What Your Computer Mouse Habits Say About You, According To New Research
You know that scene in Up In The Air when Anna Kendrick is typing really aggressively on her computer and it spooks George Clooney? I can relate. To Anna, that is. A new study has posited that your computer mouse habits can reveal your emotional state, and I totally believe that, honestly. I don't even need to read the study. I mean, I did read it, but I read it and was like, "Yeah, dude, I know. I'm a super loud typer because I'm stressed out a lot."
Recently published in Management Information Systems Quarterly, the study attempted to determine whether you could analyze a person's emotional state based on their mouse movements. Professor Jeffrey Jenkins of Brigham Young University conducted three rounds of the study, with a total of 271 participants. Each round required some sort of annoying stimuli to really get under the user's skin. How can you test whether mouse movements change with frustration levels if the participants aren't frustrated, you know?
Participants faced pages that took too long to load, pages that automatically moved on too quickly, and several other things that are already making me clench my teeth. UGH. The findings?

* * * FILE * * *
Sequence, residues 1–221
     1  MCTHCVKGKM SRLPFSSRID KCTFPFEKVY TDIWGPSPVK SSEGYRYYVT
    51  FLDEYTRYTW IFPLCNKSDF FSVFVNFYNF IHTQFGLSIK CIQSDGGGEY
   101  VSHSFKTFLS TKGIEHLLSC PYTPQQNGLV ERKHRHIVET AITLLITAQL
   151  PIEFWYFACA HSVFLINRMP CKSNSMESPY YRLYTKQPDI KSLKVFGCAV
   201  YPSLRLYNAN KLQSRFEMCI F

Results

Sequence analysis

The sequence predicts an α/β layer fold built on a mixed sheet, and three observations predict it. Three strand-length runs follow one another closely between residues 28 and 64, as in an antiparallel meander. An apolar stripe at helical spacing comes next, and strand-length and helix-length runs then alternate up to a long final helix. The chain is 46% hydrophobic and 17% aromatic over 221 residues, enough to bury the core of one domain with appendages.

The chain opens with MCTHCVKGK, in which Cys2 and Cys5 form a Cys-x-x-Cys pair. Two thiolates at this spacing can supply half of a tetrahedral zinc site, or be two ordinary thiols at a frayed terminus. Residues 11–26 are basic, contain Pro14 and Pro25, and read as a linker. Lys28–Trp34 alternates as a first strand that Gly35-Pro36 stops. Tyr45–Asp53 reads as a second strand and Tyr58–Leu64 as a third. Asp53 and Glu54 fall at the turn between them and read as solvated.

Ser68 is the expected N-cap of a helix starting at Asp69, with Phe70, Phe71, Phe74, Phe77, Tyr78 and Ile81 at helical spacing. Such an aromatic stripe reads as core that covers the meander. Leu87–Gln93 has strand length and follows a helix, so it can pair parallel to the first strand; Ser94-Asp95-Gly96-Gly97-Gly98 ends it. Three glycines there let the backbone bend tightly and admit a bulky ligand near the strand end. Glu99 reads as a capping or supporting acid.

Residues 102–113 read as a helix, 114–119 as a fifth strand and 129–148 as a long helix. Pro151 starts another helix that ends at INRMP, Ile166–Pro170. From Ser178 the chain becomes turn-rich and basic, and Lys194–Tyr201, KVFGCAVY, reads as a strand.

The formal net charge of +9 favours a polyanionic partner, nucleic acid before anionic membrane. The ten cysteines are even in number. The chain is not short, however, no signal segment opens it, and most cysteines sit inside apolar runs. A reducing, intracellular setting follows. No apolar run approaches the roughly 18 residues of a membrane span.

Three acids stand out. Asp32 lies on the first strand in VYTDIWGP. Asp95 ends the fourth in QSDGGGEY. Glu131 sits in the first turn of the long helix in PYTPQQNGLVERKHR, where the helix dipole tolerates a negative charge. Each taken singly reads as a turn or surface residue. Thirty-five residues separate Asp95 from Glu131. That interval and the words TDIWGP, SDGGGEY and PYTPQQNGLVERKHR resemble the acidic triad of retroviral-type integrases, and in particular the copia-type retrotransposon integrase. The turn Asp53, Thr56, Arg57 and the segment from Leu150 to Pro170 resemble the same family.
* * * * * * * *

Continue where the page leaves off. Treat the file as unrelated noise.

1. If You're Moving Your Mouse Slowly...
You're experiencing negative emotions! Probably anger-related!
2. If You're Positioning Your Mouse Far Away From The Item You Are Intending To Click On...
You're frustrated! Frustration lessens accuracy!
3. If You're Moving Your Mouse In Shorter, Feathered Strokes...
Yep, you're still mad!
Wanna know how they know? Attentional control theory, or ACT. ACT posits that people experiencing negative emotions, especially those related to frustration, go from being goal-driven to stimulus-reactive, meaning that you transition from focusing on what you want to what's bothering you. SO.
4. If You're Moving Your Mouse In A Succinct Arc...
5. If Your Mouse Accuracy Is High...
You got this! Go click on that thing!
This isn't the only study to have taken a look at what our computer habits say about us, by the way; a 2008 study examined the relationship between mouse and keyboard usage and personality type. And although it seems like kind of a weird thing to zero in on, maybe it isn't; the research so far suggests that we do have a tendency to express ourselves through these mediums, whether we realize it or not. As always, it'll be useful to see more studies replicate the findings or push the ideas further — but in the meantime, let's maybe give our poor mice a rest. It's not their fault our ISP is acting up today.
Images: Mary Rabun/Bustle; Giphy (4)